Sounding Bored is my semi-regular column on the state of the appraisal profession. This week I revisit what got me into this blogging gig (hint: appraisal pressure).
Back in August of 2005, I was fed up with the pressure myself, my firm and my profession was under to make the number “or else.” So I launched Soapbox. It seemed that no one really cared about ethics or the risk placed on banking system. Appraisers were fast becoming the enablers to fraud and a whole lot of “gray areas” that I wanted no part of. Blogging became a way to vent my frustration with the industry which didn’t seem to have much political clout in Washington to change policies that placed us in between a rock and a hard place. At one point I was even contacted by the House Ways and Means Committee in Congress to testify about the problem with appraiser ethics on a specific issue, but they had already inferred what they wanted me to say.
The bottom line?
Those whose commissions depend on “hitting the number” have become the appraisal order givers and quality, as they say, Elvis, has left the building. Appraisal management companies gained favor with lenders who didn’t understand the disconnect between real collateral values and loan needs. AMC’s pushed fees below cost (without taking ethical shortcuts) and required completely impractical turn time requirements for even reasonable research time. Gradually, once were good banking clients, began to disappear from the good appraisers.
After a short while, I realized I could rant and rave all I wanted but it wouldn’t change a whole lot as quickly as I wanted it to. The change had to come from within (no, I didn’t sell my soul). I had to change my client base and perhaps someday the lending community would come around and feel true concern about the value of their collateral and the regulators would begin to see the problem.
In the meantime, I needed to reinvent my practice and basically stop placing so much emphasis on on retail bank appraisal work, a previous mainstay. Whats sad, is the lending industry has already lost a significant portion of its collective appraisal experience to rely on. In other words, many of the talented valuation experts have begun to focus on other clients. But hey, the lending industry has plenty of form-fillers that can bang out 10 reports in a day and make 24 hour turn time specs to make their customers happy.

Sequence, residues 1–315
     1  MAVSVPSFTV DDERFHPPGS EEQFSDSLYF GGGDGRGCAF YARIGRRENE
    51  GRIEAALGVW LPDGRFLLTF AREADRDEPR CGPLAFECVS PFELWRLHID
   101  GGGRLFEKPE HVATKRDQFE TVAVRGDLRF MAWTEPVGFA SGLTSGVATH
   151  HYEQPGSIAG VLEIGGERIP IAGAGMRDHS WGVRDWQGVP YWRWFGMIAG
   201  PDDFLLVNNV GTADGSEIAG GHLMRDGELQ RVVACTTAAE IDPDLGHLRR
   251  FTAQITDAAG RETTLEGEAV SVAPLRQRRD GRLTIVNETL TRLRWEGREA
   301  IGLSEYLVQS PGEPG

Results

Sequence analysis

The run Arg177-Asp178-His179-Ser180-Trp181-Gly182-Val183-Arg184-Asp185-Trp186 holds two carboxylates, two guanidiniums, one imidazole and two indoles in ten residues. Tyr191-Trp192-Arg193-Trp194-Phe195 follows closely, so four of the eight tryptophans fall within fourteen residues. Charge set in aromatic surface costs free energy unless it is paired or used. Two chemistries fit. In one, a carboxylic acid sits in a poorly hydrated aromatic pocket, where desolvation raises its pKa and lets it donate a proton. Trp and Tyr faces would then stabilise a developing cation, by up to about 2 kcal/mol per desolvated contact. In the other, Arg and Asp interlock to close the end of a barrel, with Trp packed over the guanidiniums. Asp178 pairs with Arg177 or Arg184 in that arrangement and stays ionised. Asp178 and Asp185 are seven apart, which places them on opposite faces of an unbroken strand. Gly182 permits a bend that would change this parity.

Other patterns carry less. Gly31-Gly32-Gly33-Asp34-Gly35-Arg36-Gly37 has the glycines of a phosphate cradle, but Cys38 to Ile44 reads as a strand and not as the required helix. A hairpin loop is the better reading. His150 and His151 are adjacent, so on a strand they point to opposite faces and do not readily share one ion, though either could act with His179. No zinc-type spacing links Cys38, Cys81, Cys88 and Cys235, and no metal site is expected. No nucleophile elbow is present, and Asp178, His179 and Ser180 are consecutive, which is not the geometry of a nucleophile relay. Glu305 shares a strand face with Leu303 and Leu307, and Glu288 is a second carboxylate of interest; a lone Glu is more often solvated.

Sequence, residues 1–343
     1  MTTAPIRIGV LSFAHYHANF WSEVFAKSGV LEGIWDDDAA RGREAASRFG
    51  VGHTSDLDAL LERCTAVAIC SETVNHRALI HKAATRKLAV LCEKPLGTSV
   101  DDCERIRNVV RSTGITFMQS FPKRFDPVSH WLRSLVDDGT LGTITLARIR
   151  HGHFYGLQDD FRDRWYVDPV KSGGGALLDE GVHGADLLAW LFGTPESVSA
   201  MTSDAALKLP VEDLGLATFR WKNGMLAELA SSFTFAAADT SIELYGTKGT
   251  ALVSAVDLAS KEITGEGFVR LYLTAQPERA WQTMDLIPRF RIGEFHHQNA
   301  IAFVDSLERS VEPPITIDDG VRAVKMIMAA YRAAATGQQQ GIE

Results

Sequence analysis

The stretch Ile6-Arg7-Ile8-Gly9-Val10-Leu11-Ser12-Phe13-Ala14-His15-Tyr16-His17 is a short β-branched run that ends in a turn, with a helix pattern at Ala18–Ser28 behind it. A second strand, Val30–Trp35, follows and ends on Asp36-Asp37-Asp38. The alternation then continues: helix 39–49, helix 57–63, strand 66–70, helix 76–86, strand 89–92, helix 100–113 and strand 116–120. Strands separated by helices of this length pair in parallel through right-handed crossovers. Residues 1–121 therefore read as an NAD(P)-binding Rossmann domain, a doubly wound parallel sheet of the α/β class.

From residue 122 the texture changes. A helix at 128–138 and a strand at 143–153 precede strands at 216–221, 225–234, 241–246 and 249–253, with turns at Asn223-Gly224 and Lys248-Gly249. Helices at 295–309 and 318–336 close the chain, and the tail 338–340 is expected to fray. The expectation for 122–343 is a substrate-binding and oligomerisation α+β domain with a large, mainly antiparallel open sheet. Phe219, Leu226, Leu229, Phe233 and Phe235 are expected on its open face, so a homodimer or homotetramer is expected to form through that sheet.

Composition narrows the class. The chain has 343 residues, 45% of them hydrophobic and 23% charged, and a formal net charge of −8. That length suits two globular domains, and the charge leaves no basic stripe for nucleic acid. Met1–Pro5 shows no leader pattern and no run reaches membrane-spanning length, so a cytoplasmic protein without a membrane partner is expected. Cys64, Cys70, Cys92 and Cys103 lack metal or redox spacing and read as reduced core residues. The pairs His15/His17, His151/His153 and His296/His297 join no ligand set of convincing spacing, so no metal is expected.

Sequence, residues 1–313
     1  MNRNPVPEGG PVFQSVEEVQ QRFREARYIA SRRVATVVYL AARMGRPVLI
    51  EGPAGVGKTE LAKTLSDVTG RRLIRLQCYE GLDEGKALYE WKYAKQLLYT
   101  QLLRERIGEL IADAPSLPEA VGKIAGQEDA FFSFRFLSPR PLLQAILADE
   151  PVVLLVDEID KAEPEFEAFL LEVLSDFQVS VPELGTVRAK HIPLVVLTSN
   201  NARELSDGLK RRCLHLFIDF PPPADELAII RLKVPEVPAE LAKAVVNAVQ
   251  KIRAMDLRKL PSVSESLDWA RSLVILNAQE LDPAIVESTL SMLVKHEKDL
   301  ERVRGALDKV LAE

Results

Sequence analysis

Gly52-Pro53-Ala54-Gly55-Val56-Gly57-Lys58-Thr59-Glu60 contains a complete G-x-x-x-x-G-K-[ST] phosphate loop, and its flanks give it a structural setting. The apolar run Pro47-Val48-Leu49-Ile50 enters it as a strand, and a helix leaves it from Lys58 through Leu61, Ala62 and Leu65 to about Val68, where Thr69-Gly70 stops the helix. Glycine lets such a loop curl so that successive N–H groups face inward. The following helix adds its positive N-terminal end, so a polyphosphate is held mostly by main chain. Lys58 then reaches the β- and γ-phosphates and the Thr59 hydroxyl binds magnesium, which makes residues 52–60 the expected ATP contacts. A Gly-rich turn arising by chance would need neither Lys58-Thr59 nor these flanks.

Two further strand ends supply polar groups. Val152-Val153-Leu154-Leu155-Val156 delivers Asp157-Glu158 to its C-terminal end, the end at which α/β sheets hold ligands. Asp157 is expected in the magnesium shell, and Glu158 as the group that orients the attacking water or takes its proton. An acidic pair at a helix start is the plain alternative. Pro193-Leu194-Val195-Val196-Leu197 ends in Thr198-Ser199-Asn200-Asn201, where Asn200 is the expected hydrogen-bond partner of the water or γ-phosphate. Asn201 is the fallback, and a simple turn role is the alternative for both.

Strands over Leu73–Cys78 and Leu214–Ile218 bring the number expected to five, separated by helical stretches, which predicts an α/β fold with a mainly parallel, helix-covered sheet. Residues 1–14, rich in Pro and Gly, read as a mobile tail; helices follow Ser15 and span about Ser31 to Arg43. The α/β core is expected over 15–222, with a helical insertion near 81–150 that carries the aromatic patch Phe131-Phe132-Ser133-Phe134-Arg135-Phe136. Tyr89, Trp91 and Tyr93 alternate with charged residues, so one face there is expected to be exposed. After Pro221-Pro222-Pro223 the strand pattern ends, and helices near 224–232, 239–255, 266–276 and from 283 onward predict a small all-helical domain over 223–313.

October Research, publishers of a series of smart publications including Valuation Review, broke the news to the world with their definitive 2003 National Appraisal Survey. The survey has been updated in 2007 which showed that:
- 90% of appraisers reported pressure to adjust property values, up from 64% in 2003.
- 71% of appraiser clients, specifically mortgage brokers and real estate agents have provided pressure, up from 60% in 2003.
Note: If 90% are feeling pressure and 71% are from mortgage brokers, then wouldn’t it be logical that a significant portion of the remaining balance is from appraisal management companies and banks themselves?
As an appraiser, ask yourself this question regarding any type of mortgage appraisals: “Does the person ordering the appraisal have a direct financial incentive as to its outcome?
I would guess the answer is yes more than 90% of the time.
The National Association of Independent Fee Appraisers has used the results of this study to launch a legislative initiative to stop this silliness along with other appraisal organizations. On February 6, 2007, the results of the October Research Survey were presented to the Senate Banking and Housing Financial Services Committee:
This week, NAIFA, along with the Appraisal Institute, the American Society of Appraisers and the American Society of Farm Managers and Rural Appraisers delivered a letter to Congressional Committee on Financial Services about the pressures appraisers face. The action was based on the recent release of the study by October Research Corporation that found that 90% of appraisers are pressured by mortgage brokers, real estate agents and others to raise property valuation to assist in the consummation of deals. The study also noted that 75% of appraisers reported “negative ramifications,” if they did not cooperate, alter an appraisal and provide a higher valuation.
Sadly, the results of the survey mirror the concerns you as members have raised. To address these concerns and others, NAIFA is encouraging Congress to hold hearings on theses issues and approve legislation that protects home buyers and the real estate financing process. Reforms should also be considered to Title XI, which has several shortcomings that contribute to mortgage fraud.
There are several appraisal reform bills at the top of the 110th Congress’ agenda, specifically, bills offered by Rep. Paul Kanjorski (D-PA) related to Title IV of H.R. 1295 and Sen. Barack Obama (D-IL) on S. 2080. These pieces of legislation would provide federal and state appraiser regulators more resources to conduct enforcement, ban inappropriate coercion, and promote professionalism of real estate appraisers among other things.